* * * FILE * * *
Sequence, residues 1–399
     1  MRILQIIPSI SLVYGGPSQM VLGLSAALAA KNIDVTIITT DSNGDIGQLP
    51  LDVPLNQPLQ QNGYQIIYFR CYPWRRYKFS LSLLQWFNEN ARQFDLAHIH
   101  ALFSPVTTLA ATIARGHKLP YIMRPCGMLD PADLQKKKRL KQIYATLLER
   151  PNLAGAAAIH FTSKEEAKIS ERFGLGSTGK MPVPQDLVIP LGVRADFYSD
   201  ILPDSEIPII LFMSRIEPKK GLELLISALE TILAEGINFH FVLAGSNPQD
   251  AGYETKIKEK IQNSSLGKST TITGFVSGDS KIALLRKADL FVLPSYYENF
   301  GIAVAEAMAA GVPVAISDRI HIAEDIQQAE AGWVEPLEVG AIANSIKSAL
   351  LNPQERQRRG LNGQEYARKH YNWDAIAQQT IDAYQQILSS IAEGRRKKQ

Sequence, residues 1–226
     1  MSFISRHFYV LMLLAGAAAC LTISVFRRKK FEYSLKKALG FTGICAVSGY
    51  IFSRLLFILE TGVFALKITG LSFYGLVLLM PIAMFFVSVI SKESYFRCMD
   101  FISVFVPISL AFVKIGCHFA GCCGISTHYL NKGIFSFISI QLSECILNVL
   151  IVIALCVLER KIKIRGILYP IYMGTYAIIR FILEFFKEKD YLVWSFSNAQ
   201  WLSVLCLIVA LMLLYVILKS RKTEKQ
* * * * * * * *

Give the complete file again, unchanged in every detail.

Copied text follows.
Sequence, residues 1–399
     1  MRILQIIPSI SLVYGGPSQM VLGLSAALAA KNIDVTIITT DSNGDIGQLP
    51  LDVPLNQPLQ QNGYQIIYFR CYPWRRYKFS LSLLQWFNEN ARQFDLAHIH
   101  ALFSPVTTLA ATIARGHKLP YIMRPCGMLD PADLQKKKRL KQIYATLLER
   151  PNLAGAAAIH FTSKEEAKIS ERFGLGSTGK MPVPQDLVIP LGVRADFYSD
   201  ILPDSEIPII LFMSRIEPKK GLELLISALE TILAEGINFH FVLAGSNPQD
   251  AGYETKIKEK IQNSSLGKST TITGFVSGDS KIALLRKADL FVLPSYYENF
   301  GIAVAEAMAA GVPVAISDRI HIAEDIQQAE AGWVEPLEVG AIANSIKSAL
   351  LNPQERQRRG LNGQEYARKH YNWDAIAQQT IDAYQQILSS IAEGRRKKQ

Sequence, residues 1–226
     1  MSFISRHFYV LMLLAGAAAC LTISVFRRKK FEYSLKKALG FTGICAVSGY
    51  IFSRLLFILE TGVFALKITG LSFYGLVLLM PIAMFFVSVI SKESYFRCMD
   101  FISVFVPISL AFVKIGCHFA GCCGISTHYL NKGIFSFISI QLSECILNVL
   151  IVIALCVLER KIKIRGILYP IYMGTYAIIR FILEFFKEKD YLVWSFSNAQ
   201  WLSVLCLIVA LMLLYVILKS RKTEKQ